No, you can’t talk about the IIoT without asking about cybersecurity. No less than 11 suppliers in the Innovation Showcase were leading with cybersecurity – either in the form of hardware, software, or some sort of consulting services offering:


For some years now, ISA has convened a standards effort on industrial control systems security, the ISA99 standards project. Its members and contributors were visible and vocal at ARC this time. And they’re still open to hearing from vendor and user viewpoints:

And a very interesting observation came from Marty Edwards of the Department of Homeland Security. Marty runs the Industrial Control Systems Cybersecurity Emergency Response Team. And while he’s advising and assessing and implementing security technology, he still insists you should [1] sit down and identify the crown jewels in your enterprise – that critical workflow or asset or production unit that could put you out of business – and [2] UNPLUG IT. Because the hackers are pinging you and looking for that same asset and will find a way to hit it remotely if they can.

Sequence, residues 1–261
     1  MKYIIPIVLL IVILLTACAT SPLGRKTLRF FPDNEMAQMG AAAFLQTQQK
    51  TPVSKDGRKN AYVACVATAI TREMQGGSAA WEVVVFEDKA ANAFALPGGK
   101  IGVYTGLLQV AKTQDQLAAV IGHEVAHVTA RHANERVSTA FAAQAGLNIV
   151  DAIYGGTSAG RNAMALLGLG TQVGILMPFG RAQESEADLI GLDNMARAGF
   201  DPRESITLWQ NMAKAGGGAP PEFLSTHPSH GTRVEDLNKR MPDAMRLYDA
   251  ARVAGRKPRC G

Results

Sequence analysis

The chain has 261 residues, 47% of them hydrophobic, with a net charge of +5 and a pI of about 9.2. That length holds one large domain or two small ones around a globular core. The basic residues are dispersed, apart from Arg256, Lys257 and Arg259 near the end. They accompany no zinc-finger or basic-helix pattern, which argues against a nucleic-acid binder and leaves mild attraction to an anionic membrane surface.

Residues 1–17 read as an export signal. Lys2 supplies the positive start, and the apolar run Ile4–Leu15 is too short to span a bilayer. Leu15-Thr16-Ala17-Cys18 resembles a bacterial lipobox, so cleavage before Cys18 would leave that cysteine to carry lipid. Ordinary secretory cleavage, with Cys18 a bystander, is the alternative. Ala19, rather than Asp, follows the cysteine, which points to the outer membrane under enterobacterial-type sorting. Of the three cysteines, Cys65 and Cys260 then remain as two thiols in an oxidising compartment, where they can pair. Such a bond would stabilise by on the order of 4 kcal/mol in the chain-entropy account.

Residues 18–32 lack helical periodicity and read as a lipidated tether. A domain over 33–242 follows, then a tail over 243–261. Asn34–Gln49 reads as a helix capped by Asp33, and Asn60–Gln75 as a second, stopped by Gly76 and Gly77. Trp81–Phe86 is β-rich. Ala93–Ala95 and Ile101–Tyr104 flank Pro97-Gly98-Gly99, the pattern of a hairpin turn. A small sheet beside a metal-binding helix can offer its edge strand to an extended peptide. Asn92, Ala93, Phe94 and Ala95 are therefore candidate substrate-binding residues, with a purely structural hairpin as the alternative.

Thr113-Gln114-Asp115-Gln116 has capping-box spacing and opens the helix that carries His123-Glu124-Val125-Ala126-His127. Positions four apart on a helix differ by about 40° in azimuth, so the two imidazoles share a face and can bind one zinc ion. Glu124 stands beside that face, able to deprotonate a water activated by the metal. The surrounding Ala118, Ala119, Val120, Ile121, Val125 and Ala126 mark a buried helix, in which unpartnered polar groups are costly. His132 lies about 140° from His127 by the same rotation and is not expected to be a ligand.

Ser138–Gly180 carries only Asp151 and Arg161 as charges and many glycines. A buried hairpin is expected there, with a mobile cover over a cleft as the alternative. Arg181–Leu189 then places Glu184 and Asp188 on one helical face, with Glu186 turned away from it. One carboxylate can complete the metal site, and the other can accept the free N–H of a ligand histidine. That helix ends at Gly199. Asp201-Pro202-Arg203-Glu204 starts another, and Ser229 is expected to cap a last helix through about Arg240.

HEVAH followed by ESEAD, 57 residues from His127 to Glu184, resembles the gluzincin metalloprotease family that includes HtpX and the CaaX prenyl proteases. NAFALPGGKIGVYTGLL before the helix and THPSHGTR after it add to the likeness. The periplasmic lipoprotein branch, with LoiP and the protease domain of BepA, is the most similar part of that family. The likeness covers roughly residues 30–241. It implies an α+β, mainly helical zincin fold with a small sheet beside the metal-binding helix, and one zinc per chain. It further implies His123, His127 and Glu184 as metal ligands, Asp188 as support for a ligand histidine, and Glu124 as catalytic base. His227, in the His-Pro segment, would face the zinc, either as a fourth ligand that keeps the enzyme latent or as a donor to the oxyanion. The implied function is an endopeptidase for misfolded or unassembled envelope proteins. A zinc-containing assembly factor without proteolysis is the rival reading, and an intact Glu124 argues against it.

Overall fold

And again, since that asset still needs to keep running on its own, there seems to be an opportunity there for some simple, reliable, continuous availability platform to keep that asset running inside its own little bubble.

IT and OT convergence

There’s still quite a bit of jostling between the IT world and the plant floor OT folks. And this is most visibly happening at the edge of that IIoT/network/cloud/fog/etc. The real experts and veterans in the world of operations insist that if it involves process or personnel safety, it’s going to remain in the OT domain. We heard words to that effect from customer experiences with safety, security and availability in gas distribution systems, information integration in engineered products (rolled or forged metals), and in access tracking to critical tools and measuring equipment. One subject matter expert in MES and automation systems summed it up by saying that the closer you are to real-time, the further you should be from the cloud!

Augmented Reality